Montreal's Claire Boucher on the cusp of hitting paydirt
Words Henry Farmery
Photography Sadaf Ha
Grimes is fresh from a North American tour supporting Lykke Li, and her voice is bright despite her Canadian drawl smothering every word. “I’ve been staying in a hotel,” she proudly proclaims. She’s more accustomed to friends’ floors and crowds of eight people than the bitter-suite life of rock stardom and crowds of thousands she’s been experiencing lately.
The tour with Li has been curative. With her stage fright on the mend, she muses that she had to “grow up a bit”. Nevertheless, we might be persuaded to forgive her youthful transgressions — she is only 23, after all, and already two albums in with another on the way. She promises that the new one is her best so far, which is a bold statement considering the acclaim her previous two, Geidi Prime and Halfaxa attracted.
For those unfortunate enough not to have already heard Grimes (real name Claire Boucher), she’s a crepuscular and brooding artist whose searing vocals cut through backing tracks as murky as her name suggests. Her latest release ‘Darkbloom’ — an EP split with fellow Montreal artist D’eon — sees her exploring her dance and pop side, and it’s produced two of her strongest tracks to date, ‘Vanessa’ and ‘Crystal Ball’. These songs serve as a tantalising glimpse at her next long-player. “The next album I’m making is pop music but still experimental — definitely dance-orientated,” she explains.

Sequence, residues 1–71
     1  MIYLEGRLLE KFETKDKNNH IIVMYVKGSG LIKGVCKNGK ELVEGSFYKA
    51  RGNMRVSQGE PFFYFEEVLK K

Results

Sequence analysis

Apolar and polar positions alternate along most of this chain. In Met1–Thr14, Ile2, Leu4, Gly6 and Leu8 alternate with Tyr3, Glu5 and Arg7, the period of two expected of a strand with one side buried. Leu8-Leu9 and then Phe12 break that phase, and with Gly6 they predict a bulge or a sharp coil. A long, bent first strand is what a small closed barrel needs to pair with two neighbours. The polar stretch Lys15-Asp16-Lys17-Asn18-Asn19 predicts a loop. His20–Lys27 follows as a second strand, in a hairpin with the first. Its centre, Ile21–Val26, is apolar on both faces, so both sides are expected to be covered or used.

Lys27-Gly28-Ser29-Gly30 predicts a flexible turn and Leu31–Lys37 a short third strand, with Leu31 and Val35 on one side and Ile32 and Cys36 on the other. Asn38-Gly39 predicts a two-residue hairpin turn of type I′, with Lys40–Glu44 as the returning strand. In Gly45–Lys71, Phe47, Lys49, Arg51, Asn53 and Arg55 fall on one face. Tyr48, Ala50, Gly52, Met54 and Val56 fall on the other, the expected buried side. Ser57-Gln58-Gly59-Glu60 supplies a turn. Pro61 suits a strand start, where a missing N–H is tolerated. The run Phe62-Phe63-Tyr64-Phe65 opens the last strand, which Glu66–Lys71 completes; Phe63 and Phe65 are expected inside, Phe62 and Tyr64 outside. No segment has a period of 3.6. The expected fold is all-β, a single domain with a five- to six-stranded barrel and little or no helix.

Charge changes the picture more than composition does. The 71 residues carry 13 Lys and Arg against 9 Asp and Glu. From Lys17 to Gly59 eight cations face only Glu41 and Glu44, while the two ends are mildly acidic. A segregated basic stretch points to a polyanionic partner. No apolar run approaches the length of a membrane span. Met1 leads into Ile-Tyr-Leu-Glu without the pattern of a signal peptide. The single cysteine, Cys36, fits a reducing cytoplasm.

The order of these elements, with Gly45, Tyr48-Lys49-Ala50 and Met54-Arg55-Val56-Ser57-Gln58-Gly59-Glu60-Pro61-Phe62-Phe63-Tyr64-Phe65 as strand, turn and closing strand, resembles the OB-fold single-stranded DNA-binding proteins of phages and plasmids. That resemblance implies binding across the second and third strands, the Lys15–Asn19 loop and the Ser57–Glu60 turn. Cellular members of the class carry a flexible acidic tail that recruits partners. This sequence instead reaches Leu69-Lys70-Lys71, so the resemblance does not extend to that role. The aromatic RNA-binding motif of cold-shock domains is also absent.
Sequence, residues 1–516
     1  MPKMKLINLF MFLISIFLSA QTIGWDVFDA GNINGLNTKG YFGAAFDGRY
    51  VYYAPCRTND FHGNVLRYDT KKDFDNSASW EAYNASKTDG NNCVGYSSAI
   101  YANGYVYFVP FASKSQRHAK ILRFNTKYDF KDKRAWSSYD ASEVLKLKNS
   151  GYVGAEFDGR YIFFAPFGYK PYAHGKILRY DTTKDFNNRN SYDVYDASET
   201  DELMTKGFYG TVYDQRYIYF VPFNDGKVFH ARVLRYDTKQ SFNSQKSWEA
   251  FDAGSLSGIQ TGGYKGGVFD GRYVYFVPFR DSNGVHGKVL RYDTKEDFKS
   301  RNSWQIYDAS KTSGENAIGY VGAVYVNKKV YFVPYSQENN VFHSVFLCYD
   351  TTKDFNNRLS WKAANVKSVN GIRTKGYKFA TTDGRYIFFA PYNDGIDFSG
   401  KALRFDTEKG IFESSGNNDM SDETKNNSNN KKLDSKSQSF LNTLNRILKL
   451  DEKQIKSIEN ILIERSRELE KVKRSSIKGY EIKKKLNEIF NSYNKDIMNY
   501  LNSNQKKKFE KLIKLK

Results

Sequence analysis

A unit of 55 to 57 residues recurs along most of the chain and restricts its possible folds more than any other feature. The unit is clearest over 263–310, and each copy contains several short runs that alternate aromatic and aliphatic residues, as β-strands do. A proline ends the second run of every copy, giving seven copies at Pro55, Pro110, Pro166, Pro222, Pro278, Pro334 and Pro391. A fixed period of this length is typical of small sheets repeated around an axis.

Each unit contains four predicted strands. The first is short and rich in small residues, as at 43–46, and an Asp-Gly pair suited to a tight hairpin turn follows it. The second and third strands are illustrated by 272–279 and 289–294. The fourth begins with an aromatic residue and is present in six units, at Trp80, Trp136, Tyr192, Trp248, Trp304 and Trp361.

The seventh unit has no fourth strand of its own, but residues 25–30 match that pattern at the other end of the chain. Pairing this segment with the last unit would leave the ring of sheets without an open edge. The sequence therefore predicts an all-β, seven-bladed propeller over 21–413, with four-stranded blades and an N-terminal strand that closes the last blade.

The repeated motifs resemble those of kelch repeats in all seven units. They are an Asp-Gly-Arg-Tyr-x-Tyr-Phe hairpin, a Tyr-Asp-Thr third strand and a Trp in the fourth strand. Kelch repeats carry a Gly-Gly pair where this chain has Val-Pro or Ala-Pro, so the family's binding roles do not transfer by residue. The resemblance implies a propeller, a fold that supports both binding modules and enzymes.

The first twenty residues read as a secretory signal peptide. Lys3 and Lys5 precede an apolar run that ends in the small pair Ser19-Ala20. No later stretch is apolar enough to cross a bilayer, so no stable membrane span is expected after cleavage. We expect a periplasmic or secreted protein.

Grimes giggles and jokes her way through our interview. She’s beguiling in her nerdy charm. Later, she’s off to see Harry Potter dressed in full costume. I ask what her Patronus is. “A beluga,” she answers immediately, and from there goes on to explain why all the tracks on her first album are Dune references. “Dune is probably my favorite book… so when I wrote Geidi Primes, I thought, ‘Oh, no one will ever hear this, it doesn’t matter.’ That decision has kind of haunted me.”
Geidi Primes is being reissued in the UK by No Pain In Pop in anticipation of a slew of live gigs all over the country. Grimes describes the record as “naïve”, although it contains her favourite song, ‘GrisGris’. The album does posses a raw charm and maintains her distinct vocal style; a spectral, echoey voice seems to weave in between heavy drumbeats like the howling ghost of a castrato navigating the Grand Canyon. She doesn’t play it live, though, because it doesn’t loop well, apparently.
So what next? Grimes has no shortage of ambition. “I want to make a video for every song on the next album,” she chimes. It’s clear that Grimes is on the cusp of great things, and if she can tame her own talent she’ll rise higher than her vocal range.
And so, a final question: Are you tired of being compared to Kate Bush? “Yes.”